Okay, at the risk of feeding the troll (who I generally like) — Pros — Maynard becomes increasingly more credible (if you’re the sort of person who disbelieves that old men chase young women) as evidence comes out that Salinger chased young girls his whole life. Whether you think she’s an interesting writer or not isn’t relevant to her story with Salinger. I love some of the Nine Stories, and fell hard for Franny and Zooey as an undergrad, but the Salinger Myth seems as damaging as the Hemingway Myth or, in our own neighborhood, the Harrison Myth. When the Myth starts to overtake the work then it’s trouble. Don’t even get me started about Harrison’s recent book where he posits that a local 14 year old falls in love with him. I love that old man, but the universal reaction among the pre-teens I know (who have known him since they were pretty babies in fairy wings) to this notion was abject horror …

    And those RL clothes are lovely. I do not have the body type for RL though — he does not design for short square people like moi. If I had a million bucks, I’d be a Chanel gal … all those lovely boxy suits …

    Hearing news from friends in Boulder — every time they think it’s passed, they get hit again. Looks like a new hurricane pattern? Am I nuts or do I remember Al Gore telling us all that if we didn’t do something about our carbon emissions that the weather was going to get increasingly extreme? A documentary? Standing on a stage with a screen behind him?

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  38. basset said on September 16, 2013 at 9:16 pm

    Bill, the tater barrel didn’t go too well – got two Yukon Golds the size of tennis balls and two the size of ping-pong balls and that was it. I used the last sets the co-op had, down at the bottom of the bag at the end of the season, and didn’t fertilize or anything… will learn from this and do better next year. Meanwhile, they’re just sitting on the edge of the sink, I can’t stand to eat ’em.

    Turned the game freezer off last week and moved what little was left in it (couple bags of squirrel, a few venison roasts and such) to the main freezer. Muzzleloader season starts November 9, gotta go practice.

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    • nancy said on September 16, 2013 at 9:18 pm

      Basset, one of our columnists at Bridge addressed a deer-hunting issue this week. You might be interested.

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  39. Deborah said on September 16, 2013 at 9:21 pm

    Amazing how nature works, it always seems to be feast or famine. The flooding in Colorado after the major fires that happened not that long ago is food for thought.

    The flooding in New Mexico has been minor in comparison. We live a block from the Santa Fe River, which most times is a dry arroyo. It is running now more than I have ever seen. We’ve heard that they had to release some water from the Santa Fe reservoir, where the tap water comes from, into the river, which seems a shame but I guess it’s doing some good somewhere.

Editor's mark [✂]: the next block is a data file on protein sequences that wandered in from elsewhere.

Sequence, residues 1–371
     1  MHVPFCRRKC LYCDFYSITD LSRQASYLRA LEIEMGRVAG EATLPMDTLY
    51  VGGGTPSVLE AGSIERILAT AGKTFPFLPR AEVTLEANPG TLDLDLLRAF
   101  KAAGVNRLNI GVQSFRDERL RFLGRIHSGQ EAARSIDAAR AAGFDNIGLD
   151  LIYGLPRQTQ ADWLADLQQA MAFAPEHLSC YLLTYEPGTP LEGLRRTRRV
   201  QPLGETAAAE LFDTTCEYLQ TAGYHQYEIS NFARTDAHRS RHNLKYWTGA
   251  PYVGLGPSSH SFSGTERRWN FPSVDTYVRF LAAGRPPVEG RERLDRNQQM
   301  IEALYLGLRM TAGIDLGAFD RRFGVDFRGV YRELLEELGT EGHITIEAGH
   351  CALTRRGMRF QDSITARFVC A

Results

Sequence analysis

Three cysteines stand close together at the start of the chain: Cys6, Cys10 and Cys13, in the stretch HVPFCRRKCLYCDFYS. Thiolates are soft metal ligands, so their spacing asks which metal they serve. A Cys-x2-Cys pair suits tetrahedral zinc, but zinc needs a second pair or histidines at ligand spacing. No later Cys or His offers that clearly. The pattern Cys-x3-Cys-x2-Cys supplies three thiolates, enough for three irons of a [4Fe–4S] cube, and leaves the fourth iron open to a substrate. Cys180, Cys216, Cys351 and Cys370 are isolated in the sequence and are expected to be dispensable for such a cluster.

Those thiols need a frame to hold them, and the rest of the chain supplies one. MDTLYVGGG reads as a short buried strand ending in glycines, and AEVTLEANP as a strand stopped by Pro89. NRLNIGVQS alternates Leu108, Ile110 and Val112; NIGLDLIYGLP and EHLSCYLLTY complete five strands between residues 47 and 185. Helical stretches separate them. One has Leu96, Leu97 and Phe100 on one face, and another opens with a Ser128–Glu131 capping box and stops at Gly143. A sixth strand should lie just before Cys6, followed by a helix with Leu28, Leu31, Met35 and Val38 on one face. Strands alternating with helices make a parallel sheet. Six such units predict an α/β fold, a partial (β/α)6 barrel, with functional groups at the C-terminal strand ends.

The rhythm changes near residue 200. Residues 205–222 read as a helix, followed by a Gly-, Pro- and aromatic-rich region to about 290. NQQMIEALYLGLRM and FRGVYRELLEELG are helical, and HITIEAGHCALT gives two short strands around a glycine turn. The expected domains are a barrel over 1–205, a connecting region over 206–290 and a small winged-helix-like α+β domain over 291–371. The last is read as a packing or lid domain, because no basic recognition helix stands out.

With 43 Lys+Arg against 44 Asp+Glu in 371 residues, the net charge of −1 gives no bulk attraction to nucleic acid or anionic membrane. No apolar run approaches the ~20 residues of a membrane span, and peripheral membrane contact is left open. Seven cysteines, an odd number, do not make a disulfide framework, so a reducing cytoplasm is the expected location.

We have another fire in our fireplace this evening, the cat has been cold and grumpy all day, finally she is quiet and content. Peace.

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  40. Jeff (the mild-mannered one) said on September 16, 2013 at 10:14 pm

    Jolene, whether chemo makes your apostrophes fall out or not, you’re tops in our book. Grace and peace to you!

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  41. Deborah said on September 16, 2013 at 10:28 pm

    Agreed, Jolene, it’s so good to hear from you from time to time. You seem so easy going about your condition and your treatment. I’m not sure I could do the same, you have been a virtual teacher about how to do it all with grace and dignity.

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  42. prospero said on September 16, 2013 at 10:58 pm

    How am I trolling when I try to explain reasonable comments that have been misrepresented? Doesn’t quite seem fair. And when did I say I didn’t believe old men can be predatory toward young girls? I do think Maynard is a relatively inconsequential writer, but I certainly didn’t say that before right now. Meantime, I clearly said I held no brief for Salinger, and I made no excuses for predatory men. I didn’t say Maynard was making anything up, I said she could have been doing so for a long time, without fear of contradiction or discovery. As for the well-established story of how she got together with the old goat recluse, Maynard is the origin. That is a fact. The hell with the whole story. It will be interesting to see whether any of his work published posthumously supports his reputation. I’m guessing maybe. Meanwhile, for a story of tortured adolescence, I prefer The Butcher Boy to Catcher, or the brilliant story of Ignatius J. Reilly and his Red Chief notebooks, which is what I said in the first place, and I still think Maynard may well be an opportunistic fabulist. My opinion, and there is no proof one way or another.

    In Colorado, unusually huge snowpack, early, unseasonable and intense heat, monster snow melt. USGS predicted this for this year. I imagine they’re gunshy after Shrubco misAdministration in which their jobs and the very existence of the organization were under daily threat.